Published on Sunday, May 21, 2006 by the Agence France Presse
In Open Split with Bush, Top US Conservative Calls for Independent Movement
The patriarch of US conservatives has urged his followers to halt their financial support of the Republican Party and start an independent movement, signaling a major political shift that could result in heavy losses for the US ruling party in upcoming elections.
Richard Viguerie, who was instrumental in cementing the winning coalitions behind Ronald Reagan in 1980 and George W. Bush in 2000, declared that conservatives were "downright fed up" with both the president and Republican-controlled Congress.
"At the very least, conservatives must stop funding the Republican National Committee and other party groups," Viguerie wrote in a lengthy essay in The Washington Post Sunday.
He suggested conservatives "redirect their anger into building a third force," which he defined as a movement independent of any party, and laying the groundwork for the 2008 election campaign.
Traditional conservatives, who abhor big government and excessive spending, equate abortion with murder and emphasize individualism over collectivism, have always formed the so-called "base" of the Republican Party and determined its viability as a political organizations.
The integrity and loyalty of this core is considered key to the party's success in any election.
The defeat of George H.W. Bush, the current president's father, in the 1992 election is largely attributed to being abandoned by conservatives.
Viguerie's public outburst and his suggestion that conservatives should sit out the next election is seen as another ominous sign for the party less than six months before the November congressional vote.
A Washington Post-ABC News opinion poll released last week found that Republican disapproval of Bush's presidency had increased from 16 percent to 30 percent in just one month.
Viguerie acknowledged that a conservative boycott in November will likely spell defeat for the Republicans, but insisted it would be for the long-term good of the conservative movement.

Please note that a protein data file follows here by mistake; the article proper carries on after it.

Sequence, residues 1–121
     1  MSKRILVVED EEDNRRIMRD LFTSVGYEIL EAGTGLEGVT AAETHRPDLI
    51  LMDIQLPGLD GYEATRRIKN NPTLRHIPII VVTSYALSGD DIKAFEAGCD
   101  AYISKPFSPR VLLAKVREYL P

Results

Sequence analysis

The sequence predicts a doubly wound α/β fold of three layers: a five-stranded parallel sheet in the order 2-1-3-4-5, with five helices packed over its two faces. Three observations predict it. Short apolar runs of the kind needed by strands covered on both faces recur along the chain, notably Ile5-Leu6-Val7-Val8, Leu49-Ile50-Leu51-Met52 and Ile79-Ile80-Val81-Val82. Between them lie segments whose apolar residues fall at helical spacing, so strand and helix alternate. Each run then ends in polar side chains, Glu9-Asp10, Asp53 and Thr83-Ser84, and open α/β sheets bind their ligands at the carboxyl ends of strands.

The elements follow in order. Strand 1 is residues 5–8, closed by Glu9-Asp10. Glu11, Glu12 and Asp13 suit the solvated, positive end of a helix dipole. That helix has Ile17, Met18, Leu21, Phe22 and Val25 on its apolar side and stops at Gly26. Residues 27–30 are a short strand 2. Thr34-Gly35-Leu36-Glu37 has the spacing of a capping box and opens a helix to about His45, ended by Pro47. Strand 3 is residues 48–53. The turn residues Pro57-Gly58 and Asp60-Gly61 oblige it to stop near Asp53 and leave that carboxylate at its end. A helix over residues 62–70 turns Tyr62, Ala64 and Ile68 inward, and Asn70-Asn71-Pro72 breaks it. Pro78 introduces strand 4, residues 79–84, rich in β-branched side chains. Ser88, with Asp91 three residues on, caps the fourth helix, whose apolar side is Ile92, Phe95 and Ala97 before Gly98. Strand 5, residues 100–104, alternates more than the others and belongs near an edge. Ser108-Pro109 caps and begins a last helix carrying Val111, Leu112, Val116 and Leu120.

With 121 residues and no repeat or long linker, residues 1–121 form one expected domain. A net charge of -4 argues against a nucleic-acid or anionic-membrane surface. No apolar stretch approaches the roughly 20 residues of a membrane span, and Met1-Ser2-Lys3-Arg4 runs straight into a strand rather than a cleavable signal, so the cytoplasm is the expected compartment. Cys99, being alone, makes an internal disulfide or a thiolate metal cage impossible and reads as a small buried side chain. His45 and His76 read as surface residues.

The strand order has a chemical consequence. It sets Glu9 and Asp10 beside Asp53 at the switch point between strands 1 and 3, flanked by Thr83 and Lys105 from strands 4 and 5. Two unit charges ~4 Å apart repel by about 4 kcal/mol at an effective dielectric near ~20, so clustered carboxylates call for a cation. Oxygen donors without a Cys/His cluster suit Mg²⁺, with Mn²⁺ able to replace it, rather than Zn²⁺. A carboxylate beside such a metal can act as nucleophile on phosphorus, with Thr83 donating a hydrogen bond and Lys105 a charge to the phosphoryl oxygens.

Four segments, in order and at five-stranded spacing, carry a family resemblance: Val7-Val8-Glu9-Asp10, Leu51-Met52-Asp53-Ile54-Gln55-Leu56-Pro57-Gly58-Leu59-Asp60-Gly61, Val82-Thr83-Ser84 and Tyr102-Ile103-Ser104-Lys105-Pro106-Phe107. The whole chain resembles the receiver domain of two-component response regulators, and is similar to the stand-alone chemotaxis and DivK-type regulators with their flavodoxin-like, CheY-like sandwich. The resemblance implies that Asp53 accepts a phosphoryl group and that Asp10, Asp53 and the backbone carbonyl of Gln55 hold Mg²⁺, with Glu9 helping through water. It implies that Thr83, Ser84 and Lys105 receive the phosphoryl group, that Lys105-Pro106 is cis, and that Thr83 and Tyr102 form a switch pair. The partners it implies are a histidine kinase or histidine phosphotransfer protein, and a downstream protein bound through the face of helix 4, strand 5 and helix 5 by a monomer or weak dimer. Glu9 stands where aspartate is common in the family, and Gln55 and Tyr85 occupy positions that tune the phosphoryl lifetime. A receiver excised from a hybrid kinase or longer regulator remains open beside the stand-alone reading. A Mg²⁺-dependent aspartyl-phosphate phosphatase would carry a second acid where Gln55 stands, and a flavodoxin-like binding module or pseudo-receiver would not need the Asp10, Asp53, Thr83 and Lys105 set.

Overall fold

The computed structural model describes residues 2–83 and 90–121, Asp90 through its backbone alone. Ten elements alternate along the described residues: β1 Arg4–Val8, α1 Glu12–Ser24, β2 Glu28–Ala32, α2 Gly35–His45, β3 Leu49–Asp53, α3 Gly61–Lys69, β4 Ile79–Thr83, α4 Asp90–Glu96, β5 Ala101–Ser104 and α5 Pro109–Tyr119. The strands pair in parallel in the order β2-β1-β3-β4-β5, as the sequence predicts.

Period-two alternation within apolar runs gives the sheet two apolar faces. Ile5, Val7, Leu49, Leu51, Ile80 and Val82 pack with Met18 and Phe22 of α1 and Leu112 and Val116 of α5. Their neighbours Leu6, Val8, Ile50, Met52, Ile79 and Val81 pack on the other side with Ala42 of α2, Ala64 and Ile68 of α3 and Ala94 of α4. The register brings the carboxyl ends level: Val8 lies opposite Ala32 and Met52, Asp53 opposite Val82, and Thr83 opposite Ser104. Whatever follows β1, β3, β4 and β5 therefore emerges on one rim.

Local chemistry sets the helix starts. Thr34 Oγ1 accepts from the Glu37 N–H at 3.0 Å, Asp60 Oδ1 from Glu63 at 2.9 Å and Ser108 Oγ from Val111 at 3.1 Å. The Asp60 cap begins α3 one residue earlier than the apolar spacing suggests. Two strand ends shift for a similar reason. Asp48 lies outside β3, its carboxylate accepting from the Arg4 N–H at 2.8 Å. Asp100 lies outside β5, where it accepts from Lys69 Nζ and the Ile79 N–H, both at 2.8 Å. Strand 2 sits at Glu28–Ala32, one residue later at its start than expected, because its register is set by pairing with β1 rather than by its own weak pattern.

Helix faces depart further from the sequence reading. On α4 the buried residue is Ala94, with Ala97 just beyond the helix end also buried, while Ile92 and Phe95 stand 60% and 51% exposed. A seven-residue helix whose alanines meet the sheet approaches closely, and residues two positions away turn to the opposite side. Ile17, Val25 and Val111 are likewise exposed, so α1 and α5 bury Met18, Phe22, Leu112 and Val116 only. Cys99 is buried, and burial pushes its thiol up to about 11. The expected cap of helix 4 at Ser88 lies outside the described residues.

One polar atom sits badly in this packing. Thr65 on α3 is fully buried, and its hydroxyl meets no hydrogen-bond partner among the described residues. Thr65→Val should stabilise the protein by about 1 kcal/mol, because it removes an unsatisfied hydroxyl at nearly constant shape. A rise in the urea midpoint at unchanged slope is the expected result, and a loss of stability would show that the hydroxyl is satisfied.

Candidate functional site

"If conservatives accept the idea that we must support Republicans no matter what they do, we give up our bargaining position and any chance at getting things done," he reasoned. "Sometimes it is better to stand on principle and suffer a temporary defeat."
Conservatives have privately grumbled about some of Bush's decisions, but his immigration reform, announced in a nationally televised address last Monday, appeared to have marked the breaking point.
The plan calls for a series of measures to bolster security at the US-Mexican border, including deploying up to 6,000 National Guard troops.
But Bush also called on Americans to allow many of the estimated 11.5 million illegal immigrants to eventually become citizens, a move that most conservatives see as tantamount to a presidential pardon for lawbreakers.
Viguerie insisted that Bush only "talked like a conservative to win our votes but never governed like a conservative."
He lamented that the conservative movement has been rewarded by the president for its support with "an amnesty plan for illegal immigrants."
"We've been rewarded with a war in Iraq that drags on because of the failure to provide adequate resources at the beginning, and with exactly the sort of 'nation-building' that candidate Bush said he opposed," the conservative patriarch went on to say.
He also called congressional Republicans "unprincipled power brokers", whose agenda "comes from big business".
Often referred to as "the conservative voice of America", Viguerie gained prominence in the 1960s and 1970s when he pioneered political and ideological direct mail, an innovation that helped conservatives organize and gain their voice.
He is the author of numerous books and credited with forming dozens of political organizations.
© Copyright 2006 AFP